I choose nonfiction based on subject matter and not specific authors. I gravitate to material that I intend to explore in future books.
What are you reading at the moment?
I am currently reading Lincoln Memorial University and the Shaping of Appalachia by Earl J. Hess. Nonfiction. I attended LMU from 1970 to 1972 and recently revisited the campus, which triggered a renewed interest in the history of the university.
What do you plan to read next?
What the Dog Knows by Cat Warren. The book will be my foray into nose work. In book four, Bullet’s ability to sniff out a dead body, track down the killer, and solve the entire case will be a key element to the entire plot.
What advice would you give a young writer?
Read a lot. Write every day, even if at first the duration is short, and write about what interests you. Trust your own judgment. Join a writing critique group. The experience is invaluable. From my own experience, know the rules, but be prepared to break them if it will make your writing stronger.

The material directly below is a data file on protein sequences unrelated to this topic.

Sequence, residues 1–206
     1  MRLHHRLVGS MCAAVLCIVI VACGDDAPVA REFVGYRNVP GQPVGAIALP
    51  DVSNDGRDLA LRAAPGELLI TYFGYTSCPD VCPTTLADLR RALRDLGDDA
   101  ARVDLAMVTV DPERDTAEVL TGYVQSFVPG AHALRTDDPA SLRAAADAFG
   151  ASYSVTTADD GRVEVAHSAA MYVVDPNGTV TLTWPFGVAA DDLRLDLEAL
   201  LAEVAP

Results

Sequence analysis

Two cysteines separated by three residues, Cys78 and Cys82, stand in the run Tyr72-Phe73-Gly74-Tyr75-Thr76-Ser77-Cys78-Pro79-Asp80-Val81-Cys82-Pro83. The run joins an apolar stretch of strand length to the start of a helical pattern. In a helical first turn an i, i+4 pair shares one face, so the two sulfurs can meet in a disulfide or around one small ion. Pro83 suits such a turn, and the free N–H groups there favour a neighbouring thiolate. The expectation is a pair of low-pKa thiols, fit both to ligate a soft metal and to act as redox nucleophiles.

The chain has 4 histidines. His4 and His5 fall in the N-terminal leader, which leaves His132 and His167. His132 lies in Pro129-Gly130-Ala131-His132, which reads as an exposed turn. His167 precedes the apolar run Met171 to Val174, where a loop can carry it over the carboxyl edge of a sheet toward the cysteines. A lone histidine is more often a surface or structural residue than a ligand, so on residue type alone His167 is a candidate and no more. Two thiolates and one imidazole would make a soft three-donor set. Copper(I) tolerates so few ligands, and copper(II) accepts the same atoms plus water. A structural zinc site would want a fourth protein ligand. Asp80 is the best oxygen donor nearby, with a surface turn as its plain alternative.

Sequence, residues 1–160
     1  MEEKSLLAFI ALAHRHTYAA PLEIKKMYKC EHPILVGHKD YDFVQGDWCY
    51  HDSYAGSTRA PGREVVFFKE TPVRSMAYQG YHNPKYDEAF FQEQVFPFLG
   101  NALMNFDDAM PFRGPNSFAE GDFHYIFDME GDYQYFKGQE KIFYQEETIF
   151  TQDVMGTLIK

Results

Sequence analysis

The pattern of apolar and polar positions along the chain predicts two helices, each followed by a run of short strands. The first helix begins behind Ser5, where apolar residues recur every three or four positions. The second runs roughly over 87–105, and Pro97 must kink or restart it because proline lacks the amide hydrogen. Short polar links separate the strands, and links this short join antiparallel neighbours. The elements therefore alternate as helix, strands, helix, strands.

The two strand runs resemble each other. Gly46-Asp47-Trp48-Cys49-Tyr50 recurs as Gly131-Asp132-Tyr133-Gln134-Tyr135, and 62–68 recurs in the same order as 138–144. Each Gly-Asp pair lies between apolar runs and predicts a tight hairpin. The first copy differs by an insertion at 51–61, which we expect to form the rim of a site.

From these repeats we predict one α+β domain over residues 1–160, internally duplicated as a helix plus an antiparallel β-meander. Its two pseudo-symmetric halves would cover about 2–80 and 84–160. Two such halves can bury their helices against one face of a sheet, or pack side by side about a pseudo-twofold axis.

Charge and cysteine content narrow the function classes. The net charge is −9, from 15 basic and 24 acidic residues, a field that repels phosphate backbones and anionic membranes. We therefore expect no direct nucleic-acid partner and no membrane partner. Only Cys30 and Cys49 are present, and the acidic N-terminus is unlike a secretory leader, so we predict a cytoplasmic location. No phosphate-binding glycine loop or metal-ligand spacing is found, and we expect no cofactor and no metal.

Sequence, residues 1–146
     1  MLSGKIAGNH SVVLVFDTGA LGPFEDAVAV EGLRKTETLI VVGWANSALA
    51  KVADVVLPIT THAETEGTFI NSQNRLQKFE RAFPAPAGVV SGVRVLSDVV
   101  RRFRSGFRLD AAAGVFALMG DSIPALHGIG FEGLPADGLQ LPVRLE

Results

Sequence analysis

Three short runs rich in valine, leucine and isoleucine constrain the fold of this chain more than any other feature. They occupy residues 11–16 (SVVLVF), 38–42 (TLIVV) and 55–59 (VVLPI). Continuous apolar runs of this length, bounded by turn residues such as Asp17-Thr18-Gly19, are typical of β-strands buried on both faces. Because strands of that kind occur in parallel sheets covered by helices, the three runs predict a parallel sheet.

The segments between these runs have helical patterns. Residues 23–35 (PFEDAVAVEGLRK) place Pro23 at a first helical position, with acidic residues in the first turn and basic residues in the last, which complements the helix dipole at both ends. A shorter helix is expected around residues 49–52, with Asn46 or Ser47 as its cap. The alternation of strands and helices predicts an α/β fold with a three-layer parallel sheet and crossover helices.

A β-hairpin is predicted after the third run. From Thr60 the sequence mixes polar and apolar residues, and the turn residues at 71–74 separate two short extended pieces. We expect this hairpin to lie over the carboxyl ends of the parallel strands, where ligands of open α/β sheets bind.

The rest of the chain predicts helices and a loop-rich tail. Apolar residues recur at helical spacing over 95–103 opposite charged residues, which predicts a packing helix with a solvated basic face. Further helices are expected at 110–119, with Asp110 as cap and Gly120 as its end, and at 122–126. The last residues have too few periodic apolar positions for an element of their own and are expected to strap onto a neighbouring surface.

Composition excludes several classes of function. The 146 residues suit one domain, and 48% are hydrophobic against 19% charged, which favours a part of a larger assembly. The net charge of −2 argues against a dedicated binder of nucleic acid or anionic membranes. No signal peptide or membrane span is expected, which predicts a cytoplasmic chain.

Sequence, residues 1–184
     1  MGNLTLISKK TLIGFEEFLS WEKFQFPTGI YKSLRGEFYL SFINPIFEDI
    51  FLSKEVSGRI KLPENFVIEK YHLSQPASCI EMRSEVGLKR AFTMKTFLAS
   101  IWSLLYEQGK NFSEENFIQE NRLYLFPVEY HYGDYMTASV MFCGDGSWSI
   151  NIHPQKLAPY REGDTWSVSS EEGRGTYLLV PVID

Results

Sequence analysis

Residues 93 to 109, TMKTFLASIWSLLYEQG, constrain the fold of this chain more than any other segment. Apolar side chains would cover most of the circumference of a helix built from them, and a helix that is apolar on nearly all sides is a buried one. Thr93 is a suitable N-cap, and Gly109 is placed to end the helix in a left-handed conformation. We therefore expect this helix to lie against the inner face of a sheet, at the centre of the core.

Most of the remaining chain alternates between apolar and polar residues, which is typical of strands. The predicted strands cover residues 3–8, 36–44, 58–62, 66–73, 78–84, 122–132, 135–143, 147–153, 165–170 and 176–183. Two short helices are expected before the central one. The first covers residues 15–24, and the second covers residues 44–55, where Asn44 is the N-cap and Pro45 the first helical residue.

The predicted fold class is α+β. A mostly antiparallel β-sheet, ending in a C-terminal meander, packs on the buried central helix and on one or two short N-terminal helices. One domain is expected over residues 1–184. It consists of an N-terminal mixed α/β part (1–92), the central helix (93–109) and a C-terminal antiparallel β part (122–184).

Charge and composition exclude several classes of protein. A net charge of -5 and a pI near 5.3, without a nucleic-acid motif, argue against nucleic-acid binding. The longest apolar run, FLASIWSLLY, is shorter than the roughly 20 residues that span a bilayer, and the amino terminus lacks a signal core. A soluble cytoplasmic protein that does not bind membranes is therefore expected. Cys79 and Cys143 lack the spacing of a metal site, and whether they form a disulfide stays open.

Do you only write about what you know?
No. I write about what I know, what I like, and what I find interesting. Darcy is my alter ego, so I know her well. Other key characters in the series have some of my own personality traits, which means I also know them well. And it pays to be acutely observant of people’s emotions, watching how someone reacts or deals with, say, abject grief or abuse, such as Paco in Gadgets. As for settings, I use countries or states I have lived in, or I have travelled extensively in. Regarding the technical aspects of the series, I draw upon experience and/or do copious research—some tedious and boring, but most riveting. If need be, I also interview experts on whatever scientific topic I’ve chosen, and some interviewees have even been kind enough to read and edit certain technical passages for accuracy.